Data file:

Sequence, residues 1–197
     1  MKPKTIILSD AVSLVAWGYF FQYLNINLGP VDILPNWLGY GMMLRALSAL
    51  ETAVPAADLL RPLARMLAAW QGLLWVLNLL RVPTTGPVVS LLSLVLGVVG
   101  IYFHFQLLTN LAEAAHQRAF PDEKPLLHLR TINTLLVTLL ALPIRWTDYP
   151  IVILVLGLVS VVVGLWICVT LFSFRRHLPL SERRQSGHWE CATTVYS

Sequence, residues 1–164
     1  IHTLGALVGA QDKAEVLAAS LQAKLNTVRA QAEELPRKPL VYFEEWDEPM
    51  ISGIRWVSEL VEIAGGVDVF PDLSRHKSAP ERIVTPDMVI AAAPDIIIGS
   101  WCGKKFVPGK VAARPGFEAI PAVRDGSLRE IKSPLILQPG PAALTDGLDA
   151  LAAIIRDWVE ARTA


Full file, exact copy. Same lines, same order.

Sequence, residues 1–197
     1  MKPKTIILSD AVSLVAWGYF FQYLNINLGP VDILPNWLGY GMMLRALSAL
    51  ETAVPAADLL RPLARMLAAW QGLLWVLNLL RVPTTGPVVS LLSLVLGVVG
   101  IYFHFQLLTN LAEAAHQRAF PDEKPLLHLR TINTLLVTLL ALPIRWTDYP
   151  IVILVLGLVS VVVGLWICVT LFSFRRHLPL SERRQSGHWE CATTVYS

Sequence, residues 1–164
     1  IHTLGALVGA QDKAEVLAAS LQAKLNTVRA QAEELPRKPL VYFEEWDEPM
    51  ISGIRWVSEL VEIAGGVDVF PDLSRHKSAP ERIVTPDMVI AAAPDIIIGS
   101  WCGKKFVPGK VAARPGFEAI PAVRDGSLRE IKSPLILQPG PAALTDGLDA
   151  LAAIIRDWVE ARTA